Revised Budget Targets Governor’s Priorities

Issues & Policies

Governor Malloy’s revised state budget for the second year of the biennium reflects his education, fiscal and job creation-priorities. 

In a briefing before the governor’s State of the State message, budget director Benjamin Barnes said, “This budget reflects our commitment to grow jobs, maintain fiscal discipline and responsibility, and fix our public schools.”

The revised budget increases state spending by about $330 million, or 1.6%, over levels approved by lawmakers last year, which is 3.2% over estimated spending.Because of declining state tax projections, Governor Malloy has already used his executive authority to trim the current state budget by $79 million.

In January, the Office of Fiscal Analysis said general fund revenues were down nearly $95 million this fiscal year and projected a $144.5 million deficit at year-end. Although the administration asserted that the state would finish the year in the black, spending will be have to be monitored closely to ensure that the budget stays in balance to avoid any additional tax increases.

Most of the spending increases are for improving the state’s public education, reforming the state’s pension program for public-sector employees, and maintaining “safety net” public services.

The governor’s proposal for a $20.729 billion budget for fiscal year 2012-2013 is projected to fall $5.9 million under the spending cap, said Barnes, who is secretary of the Office of Policy and Management.

While under current spending obligations the budget would surpass the spending cap in subsequent years, he added, the administration would act to keep that from happening.

 “We will continue to honor the spending cap,” said Barnes, and “reduce expenditures on an ongoing basis to live within the spending cap [in order to] produce surpluses in the outgoing years.”

Education reform

Education spending would increase by $128 million. The greatest share of that increase would help fund the state’s Education Cost Sharing grants, most of it would go to the state’s lowest-performing school districts–called Alliance Districts–within the governor’s reform proposals.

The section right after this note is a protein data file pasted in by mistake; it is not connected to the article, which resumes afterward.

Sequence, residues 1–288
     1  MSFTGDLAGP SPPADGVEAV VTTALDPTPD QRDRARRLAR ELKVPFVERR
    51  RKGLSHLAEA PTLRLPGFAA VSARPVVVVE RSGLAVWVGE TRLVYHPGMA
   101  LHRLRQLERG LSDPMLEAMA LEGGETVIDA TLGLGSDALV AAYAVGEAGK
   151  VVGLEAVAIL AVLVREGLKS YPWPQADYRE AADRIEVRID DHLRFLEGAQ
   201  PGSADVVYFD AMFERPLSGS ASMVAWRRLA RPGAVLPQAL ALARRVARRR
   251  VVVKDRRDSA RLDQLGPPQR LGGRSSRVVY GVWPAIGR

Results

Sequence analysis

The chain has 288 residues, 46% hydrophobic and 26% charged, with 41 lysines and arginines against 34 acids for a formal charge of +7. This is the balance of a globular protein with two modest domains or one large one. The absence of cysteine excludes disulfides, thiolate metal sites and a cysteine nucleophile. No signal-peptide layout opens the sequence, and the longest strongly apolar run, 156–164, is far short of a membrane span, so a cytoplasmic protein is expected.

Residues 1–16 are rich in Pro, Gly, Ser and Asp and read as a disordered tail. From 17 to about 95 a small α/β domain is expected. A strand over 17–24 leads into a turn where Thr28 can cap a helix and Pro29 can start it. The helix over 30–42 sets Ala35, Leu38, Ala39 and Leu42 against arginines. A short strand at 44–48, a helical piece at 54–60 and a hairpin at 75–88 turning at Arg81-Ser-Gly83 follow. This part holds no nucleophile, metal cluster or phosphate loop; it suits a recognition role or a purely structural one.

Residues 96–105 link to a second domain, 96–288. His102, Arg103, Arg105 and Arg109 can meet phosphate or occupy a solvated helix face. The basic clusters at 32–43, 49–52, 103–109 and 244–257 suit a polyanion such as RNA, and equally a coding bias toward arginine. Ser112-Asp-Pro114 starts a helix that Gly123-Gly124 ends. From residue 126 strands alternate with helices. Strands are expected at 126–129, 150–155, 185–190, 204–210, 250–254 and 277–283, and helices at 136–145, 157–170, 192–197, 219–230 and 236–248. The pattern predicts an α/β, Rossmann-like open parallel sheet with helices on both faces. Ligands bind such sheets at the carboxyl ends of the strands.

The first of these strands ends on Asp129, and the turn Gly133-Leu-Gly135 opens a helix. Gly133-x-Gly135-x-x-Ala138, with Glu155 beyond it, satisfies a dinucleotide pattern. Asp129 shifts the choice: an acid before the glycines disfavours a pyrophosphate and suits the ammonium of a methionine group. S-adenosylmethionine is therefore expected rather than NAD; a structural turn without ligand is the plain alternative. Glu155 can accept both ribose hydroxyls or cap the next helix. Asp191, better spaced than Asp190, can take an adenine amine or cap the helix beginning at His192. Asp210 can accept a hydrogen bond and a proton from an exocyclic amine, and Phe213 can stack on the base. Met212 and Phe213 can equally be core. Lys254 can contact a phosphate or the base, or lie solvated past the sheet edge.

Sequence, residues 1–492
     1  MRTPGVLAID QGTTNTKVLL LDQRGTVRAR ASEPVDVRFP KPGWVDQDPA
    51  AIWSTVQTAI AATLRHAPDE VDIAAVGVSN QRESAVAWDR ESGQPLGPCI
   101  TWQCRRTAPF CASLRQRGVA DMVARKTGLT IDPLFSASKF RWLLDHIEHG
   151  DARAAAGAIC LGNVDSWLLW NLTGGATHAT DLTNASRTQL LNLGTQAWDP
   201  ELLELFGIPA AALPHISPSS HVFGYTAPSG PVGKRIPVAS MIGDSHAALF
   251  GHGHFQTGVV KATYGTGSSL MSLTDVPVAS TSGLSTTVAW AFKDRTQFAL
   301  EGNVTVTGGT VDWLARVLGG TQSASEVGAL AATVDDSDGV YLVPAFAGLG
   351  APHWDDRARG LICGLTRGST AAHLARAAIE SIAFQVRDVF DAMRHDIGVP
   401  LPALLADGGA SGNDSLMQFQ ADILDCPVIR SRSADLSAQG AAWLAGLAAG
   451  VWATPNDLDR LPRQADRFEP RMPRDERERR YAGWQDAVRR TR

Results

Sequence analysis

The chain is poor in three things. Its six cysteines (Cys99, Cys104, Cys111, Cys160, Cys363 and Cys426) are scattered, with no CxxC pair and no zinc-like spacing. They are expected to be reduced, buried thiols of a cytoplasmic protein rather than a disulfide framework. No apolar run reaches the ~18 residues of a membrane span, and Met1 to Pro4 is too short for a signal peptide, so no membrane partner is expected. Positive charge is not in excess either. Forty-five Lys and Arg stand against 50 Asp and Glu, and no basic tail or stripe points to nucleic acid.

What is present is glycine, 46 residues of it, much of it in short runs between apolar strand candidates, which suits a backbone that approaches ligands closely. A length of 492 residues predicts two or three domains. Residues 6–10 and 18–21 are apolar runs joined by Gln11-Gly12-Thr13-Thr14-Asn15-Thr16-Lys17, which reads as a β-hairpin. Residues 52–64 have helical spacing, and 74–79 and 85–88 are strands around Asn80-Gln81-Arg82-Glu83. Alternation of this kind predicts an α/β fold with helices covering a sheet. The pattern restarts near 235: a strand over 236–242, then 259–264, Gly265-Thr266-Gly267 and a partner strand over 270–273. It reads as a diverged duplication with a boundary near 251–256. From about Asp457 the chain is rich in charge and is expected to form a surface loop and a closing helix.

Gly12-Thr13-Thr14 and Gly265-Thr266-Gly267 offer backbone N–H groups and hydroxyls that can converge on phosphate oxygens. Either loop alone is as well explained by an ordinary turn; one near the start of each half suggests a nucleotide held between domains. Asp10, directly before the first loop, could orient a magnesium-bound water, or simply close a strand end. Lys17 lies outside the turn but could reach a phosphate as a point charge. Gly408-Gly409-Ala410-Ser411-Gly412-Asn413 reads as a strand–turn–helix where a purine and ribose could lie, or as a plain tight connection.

Barnes explained how the additional dollars for education follow the governor’s priorities for:

  • Expanding early childhood education: $12 million
  • Turning around low-performing schools and districts: $24.8 million
  • Promoting school-choice models such as charter and magnet schools: $22.4 million
  • Recruiting talented teachers and leaders: $13 million 

Pension reform

One of the biggest challenges to Connecticut’s economic future is funding the state’s obligations for public-sector retirement benefits. The governor is proposingthat the state increase the size of its regular annual pension payments and make additional payments to achieve 80% funding of the account years ahead of schedule, and to deflate a $4.5 billion final “balloon” payment due in 2032.


The governor cited the success of the business incentives approved in the October special session. His revised budget continues funding for the $516 million package of loans, grants and other programs mainly geared toward small businesses in Connecticut.    

Other priorities

The revised budget includes some spending to address recommendations made by the state’s Two Storm Panel after the damage visited upon Connecticut last year. About $7.5 million will go for more tree-trimming, regional training for better coordination of storm response, and a pilot energy microgrid project.

Among other capital investments in the revised budget:  

  • $90 million for bridge improvements
  • $62.5 million to improve public housing
  • $50 million to modernize state information technology

Streamlining government

As the governor announced earlier in the week, he is proposing the further consolidation of state agencies, reducing their count from 59 to 52, and the elimination of 25 boards and commissions. When Governor Malloy took office, there were 81 state agencies.

Also, under the revised budget, the count of authorized (but not necessarily filled) state employee positions for fiscal year 2013 will be 1,216 lower than under the budget approved last year.  While the administration is leaving many positions across state agencies unfilled by design due to the budget crunch, the governor is adding auditor positions in the Department of Revenue Services.

To see the complete midterm budget revisions and presentations, visit the governor’s website. For more information, contact CBIA’s Pete Gioia at 860.244.1945.


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